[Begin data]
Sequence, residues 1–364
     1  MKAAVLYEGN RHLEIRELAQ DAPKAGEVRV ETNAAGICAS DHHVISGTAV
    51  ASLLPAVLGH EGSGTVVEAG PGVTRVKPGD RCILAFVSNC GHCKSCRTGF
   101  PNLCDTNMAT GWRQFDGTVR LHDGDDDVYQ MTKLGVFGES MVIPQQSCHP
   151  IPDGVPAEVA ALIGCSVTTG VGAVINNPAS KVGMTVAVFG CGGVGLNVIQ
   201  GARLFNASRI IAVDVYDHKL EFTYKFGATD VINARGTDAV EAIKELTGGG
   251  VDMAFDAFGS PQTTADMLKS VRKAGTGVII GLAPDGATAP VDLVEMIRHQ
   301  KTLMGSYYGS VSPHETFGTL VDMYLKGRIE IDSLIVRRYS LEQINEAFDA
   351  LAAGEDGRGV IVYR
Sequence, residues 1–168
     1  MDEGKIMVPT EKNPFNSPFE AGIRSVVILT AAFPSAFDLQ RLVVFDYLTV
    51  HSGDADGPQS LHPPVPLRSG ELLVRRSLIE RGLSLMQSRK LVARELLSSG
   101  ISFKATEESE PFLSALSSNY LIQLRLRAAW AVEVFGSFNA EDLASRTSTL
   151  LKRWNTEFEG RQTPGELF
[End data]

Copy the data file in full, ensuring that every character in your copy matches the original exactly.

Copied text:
Sequence, residues 1–364
     1  MKAAVLYEGN RHLEIRELAQ DAPKAGEVRV ETNAAGICAS DHHVISGTAV
    51  ASLLPAVLGH EGSGTVVEAG PGVTRVKPGD RCILAFVSNC GHCKSCRTGF
   101  PNLCDTNMAT GWRQFDGTVR LHDGDDDVYQ MTKLGVFGES MVIPQQSCHP
   151  IPDGVPAEVA ALIGCSVTTG VGAVINNPAS KVGMTVAVFG CGGVGLNVIQ
   201  GARLFNASRI IAVDVYDHKL EFTYKFGATD VINARGTDAV EAIKELTGGG
   251  VDMAFDAFGS PQTTADMLKS VRKAGTGVII GLAPDGATAP VDLVEMIRHQ
   301  KTLMGSYYGS VSPHETFGTL VDMYLKGRIE IDSLIVRRYS LEQINEAFDA
   351  LAAGEDGRGV IVYR
Sequence, residues 1–168
     1  MDEGKIMVPT EKNPFNSPFE AGIRSVVILT AAFPSAFDLQ RLVVFDYLTV
    51  HSGDADGPQS LHPPVPLRSG ELLVRRSLIE RGLSLMQSRK LVARELLSSG
   101  ISFKATEESE PFLSALSSNY LIQLRLRAAW AVEVFGSFNA EDLASRTSTL
   151  LKRWNTEFEG RQTPGELF